In future Britain, charismatic delinquent Alex DeLarge is jailed and volunteers for an experimental aversion therapy developed by the government in an effort to solve society's crime problem - but not all goes according to plan.
A family heads to an isolated hotel for the winter where an evil and spiritual presence influences the father into violence, while his psychic son sees horrific forebodings from the past and of the future.
A mentally unstable Vietnam war veteran works as a night-time taxi driver in New York City where the perceived decadence and sleaze feeds his urge for violent action, attempting to save a preadolescent prostitute in the process.
Robert De Niro,
"2001" is a story of evolution. Sometime in the distant past, someone or something nudged evolution by placing a monolith on Earth (presumably elsewhere throughout the universe as well). Evolution then enabled humankind to reach the moon's surface, where yet another monolith is found, one that signals the monolith placers that humankind has evolved that far. Now a race begins between computers (HAL) and human (Bowman) to reach the monolith placers. The winner will achieve the next step in evolution, whatever that may be. Written by
In both the book and film, HAL's creator, Dr Chandra has what is almost certainly a deliberately chosen name. Chandra, as well as being a common Indian surname, is a name of the Hindu lunar deity, and the word for "moon" in Hindi. Dr Chandra's full first name, Sivasubramanian, can be translated as "Dear priest of Shiva". Shiva, the name of a supreme Hindu deity, carries as one of its meanings "the one who admits no imperfection". Therefore Dr Chandra, the creator of a computer believing itself incapable of mistakes has a uniquely appropriate first name. Arthur C. Clarke, who spent much of his life in Sri Lanka (where Hindu is a major religion) would almost certainly have known these meanings. See more »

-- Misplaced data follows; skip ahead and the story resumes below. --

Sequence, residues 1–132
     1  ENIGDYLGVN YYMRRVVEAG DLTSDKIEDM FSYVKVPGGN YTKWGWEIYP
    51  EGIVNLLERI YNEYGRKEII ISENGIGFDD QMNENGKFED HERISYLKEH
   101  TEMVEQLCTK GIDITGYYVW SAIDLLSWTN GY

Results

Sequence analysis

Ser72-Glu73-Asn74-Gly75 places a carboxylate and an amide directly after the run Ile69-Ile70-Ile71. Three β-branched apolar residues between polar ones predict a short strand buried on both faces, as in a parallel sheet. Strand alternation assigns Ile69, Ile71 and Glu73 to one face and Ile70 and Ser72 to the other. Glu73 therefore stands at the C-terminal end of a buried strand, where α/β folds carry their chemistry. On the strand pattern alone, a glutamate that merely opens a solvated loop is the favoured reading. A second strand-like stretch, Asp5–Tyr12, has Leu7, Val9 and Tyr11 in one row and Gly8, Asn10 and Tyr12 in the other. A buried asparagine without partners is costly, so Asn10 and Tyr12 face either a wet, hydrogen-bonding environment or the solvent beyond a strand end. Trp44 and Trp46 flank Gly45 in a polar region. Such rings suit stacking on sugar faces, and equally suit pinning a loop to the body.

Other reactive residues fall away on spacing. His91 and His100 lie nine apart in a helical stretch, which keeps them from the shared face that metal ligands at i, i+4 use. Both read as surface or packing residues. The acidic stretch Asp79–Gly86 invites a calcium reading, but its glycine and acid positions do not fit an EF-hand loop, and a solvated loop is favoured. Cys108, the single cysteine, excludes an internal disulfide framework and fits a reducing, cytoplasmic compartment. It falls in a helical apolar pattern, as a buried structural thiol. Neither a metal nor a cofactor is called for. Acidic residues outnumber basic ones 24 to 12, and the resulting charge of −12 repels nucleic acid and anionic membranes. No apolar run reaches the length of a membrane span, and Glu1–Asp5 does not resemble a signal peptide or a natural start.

When Bowman reenters the ship, he is exposed to vacuum for no more than 10 seconds before operating the repressurization valve. Scientific evidence shows that this would indeed be survivable without grievous harm, notwithstanding the sensational depictions in other movies. See more »
No opening credits for actors, writers, producer, director, etc. are shown, with the story beginning right after the title. Although by the 1990s it had become quite common for major films to not have opening credits, it was still unusual in 1968. See more »
A whimsical, often spectacular view of a future in which advances in technology dominate the world. It is well shot and although slow-moving it is intense and enjoyable throughout. The featuring of classical music to establish atmosphere works brilliantly; it provides a feeling of awe, mystery and intrigue the same aura that Walt Disney worked in creating 'Fantasia'. The special effects, both sound and visual, are still spellbinding by the standards of today's technology. Aside from the technical pluses of the film, it stands strong as it is one of not many films out there that has something important to say about humankind, and where the human race is heading in terms of our increasing reliance on machines and our unquenchable thirst to discover. Despite an ending that is hard to understand, it is even harder to overlook this film a true cinema classic.
160 of 259 people found this review helpful.
Was this review helpful to you?